Hollywood's Feelings About Netflix's $100 Million 'House of Cards' Deal
The current issue of The Hollywood Reporter magazine explores whether the pact for 26 hours of original content was bold or a bust.
This story appears in the April 1, 2011 edition of The Hollywood Reporter.
Hollywood is still digesting the numbers: Netflix is paying $100 million for 26 hours of original content to stream over the Internet. Bold and innovative or risky and unsustainable?
The price certainly is steep for two seasons of an untested series, House of Cards, based on a British TV political drama. And Netflix can’t keep paying $4 million for every hour of new content it collects without significantly increasing the $7.99 it charges customers.
Plus, the Media Rights Capital project, starring Kevin Spacey and executive produced by The Social Network helmer David Fincher -- who will direct the first episode -- doesn’t necessarily have a built-in audience.
"To commit as much as they did on a show that hasn’t shot anything yet is a bad idea," one network executive snarks. "A lot of people in Hollywood can’t understand why they did that."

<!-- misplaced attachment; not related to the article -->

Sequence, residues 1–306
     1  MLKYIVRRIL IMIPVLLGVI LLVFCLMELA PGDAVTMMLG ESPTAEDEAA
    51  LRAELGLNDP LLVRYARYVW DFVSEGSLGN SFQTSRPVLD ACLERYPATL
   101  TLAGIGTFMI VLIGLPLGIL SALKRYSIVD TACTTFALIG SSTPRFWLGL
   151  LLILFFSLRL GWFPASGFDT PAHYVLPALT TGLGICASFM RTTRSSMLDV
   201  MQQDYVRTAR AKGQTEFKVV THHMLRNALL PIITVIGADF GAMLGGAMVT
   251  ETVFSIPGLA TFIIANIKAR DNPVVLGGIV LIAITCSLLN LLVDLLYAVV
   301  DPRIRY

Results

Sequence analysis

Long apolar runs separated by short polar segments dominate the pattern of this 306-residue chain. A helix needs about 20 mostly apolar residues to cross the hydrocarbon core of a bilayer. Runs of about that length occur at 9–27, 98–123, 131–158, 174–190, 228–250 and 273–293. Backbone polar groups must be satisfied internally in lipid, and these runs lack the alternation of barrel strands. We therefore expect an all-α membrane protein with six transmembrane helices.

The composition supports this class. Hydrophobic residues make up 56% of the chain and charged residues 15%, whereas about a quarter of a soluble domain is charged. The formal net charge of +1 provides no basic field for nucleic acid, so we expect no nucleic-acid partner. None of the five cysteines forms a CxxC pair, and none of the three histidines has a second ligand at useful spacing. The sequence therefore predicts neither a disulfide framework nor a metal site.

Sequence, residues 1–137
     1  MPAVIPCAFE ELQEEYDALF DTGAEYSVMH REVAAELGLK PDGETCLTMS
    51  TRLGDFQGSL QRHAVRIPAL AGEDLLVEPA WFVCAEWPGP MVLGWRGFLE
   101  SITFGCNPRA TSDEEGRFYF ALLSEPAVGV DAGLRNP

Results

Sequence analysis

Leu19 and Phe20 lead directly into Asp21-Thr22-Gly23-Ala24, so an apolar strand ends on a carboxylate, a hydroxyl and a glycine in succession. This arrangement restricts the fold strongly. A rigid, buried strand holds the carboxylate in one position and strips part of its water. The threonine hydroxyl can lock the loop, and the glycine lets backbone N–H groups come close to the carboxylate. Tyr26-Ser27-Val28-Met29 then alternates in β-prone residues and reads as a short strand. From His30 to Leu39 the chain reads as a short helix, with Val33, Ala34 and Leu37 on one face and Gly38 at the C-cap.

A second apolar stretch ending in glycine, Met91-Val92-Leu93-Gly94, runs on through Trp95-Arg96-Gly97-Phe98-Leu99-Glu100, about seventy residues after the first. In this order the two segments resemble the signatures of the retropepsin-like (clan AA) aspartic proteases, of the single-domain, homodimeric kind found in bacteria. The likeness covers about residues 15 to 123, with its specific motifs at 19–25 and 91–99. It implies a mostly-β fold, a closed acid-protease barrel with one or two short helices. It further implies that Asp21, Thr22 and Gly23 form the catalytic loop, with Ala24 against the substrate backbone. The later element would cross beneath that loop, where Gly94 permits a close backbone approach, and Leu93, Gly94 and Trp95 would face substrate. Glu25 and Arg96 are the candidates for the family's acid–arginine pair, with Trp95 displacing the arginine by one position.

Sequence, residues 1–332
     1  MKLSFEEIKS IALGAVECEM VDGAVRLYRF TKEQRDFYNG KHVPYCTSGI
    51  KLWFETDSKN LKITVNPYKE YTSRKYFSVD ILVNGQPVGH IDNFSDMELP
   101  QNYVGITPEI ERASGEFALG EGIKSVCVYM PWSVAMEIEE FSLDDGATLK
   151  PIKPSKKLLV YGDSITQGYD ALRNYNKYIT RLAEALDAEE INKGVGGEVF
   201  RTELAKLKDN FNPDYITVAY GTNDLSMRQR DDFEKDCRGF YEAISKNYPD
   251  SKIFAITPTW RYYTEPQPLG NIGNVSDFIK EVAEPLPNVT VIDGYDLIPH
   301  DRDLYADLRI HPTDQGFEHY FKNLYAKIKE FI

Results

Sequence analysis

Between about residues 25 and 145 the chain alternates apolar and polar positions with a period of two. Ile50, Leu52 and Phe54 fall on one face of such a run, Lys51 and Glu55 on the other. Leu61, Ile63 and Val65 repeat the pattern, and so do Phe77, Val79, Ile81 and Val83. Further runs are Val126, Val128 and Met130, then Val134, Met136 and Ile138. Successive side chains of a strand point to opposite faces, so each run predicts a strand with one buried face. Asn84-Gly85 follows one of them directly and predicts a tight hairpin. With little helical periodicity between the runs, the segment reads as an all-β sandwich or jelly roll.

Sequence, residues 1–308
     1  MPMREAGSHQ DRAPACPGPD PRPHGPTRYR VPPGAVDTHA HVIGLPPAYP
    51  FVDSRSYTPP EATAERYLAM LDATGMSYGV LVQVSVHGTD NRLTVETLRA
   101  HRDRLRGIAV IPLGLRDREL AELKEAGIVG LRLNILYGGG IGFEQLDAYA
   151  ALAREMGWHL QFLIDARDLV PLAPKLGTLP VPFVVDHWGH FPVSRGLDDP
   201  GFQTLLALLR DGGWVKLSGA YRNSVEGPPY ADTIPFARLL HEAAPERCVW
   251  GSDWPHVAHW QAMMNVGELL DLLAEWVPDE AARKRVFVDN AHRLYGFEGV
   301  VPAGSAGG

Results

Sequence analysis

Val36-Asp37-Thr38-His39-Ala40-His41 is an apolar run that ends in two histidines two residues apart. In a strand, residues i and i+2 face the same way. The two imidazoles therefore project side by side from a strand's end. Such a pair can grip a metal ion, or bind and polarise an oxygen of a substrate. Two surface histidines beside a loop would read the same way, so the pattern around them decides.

In fact, some analysts figure that Netflix outbidding HBO and others signals less of an overall shift in strategy than a shot across the bow of the pay cabler, which has refused to license its content. If HBO won’t strike a deal, the thinking goes, Netflix will just bid against it for A-list content. Will HBO budge?
"HBO has no plans to sell its content to Netflix because we believe in high-quality, exclusive content," network spokesman Jeff Cusson tells THR.
Netflix chief content officer Ted Sarandos says he is not in active discussions to pick up more new shows. But the company is at various stages of dealmaking with its Hollywood content partners.
A new pact with Starz, for instance, may or may not come to fruition, and upstarts large (Gregory Maffei, CEO of Starz parent Liberty Media, says he’s "in a dialogue with Amazon)" and small (Screen Media Ventures’ just-launched ad-supported platform) are entering the streaming market, another reason for Netflix to beef up original offerings.
"They appear to be focused on being more like HBO," says analyst Michael Pachter of Wedbush Securities. "In order to succeed, they are going to need some original content."
He figures paying $100 million for the 26 episodes breaks down to only $5 for each of Netflix’s 20 million subscribers. If it can milk the show for three years, then the cost is less than $2 per year, per sub. "Not that much when you think about the average subscriber paying around $120 per year," Pachter says.
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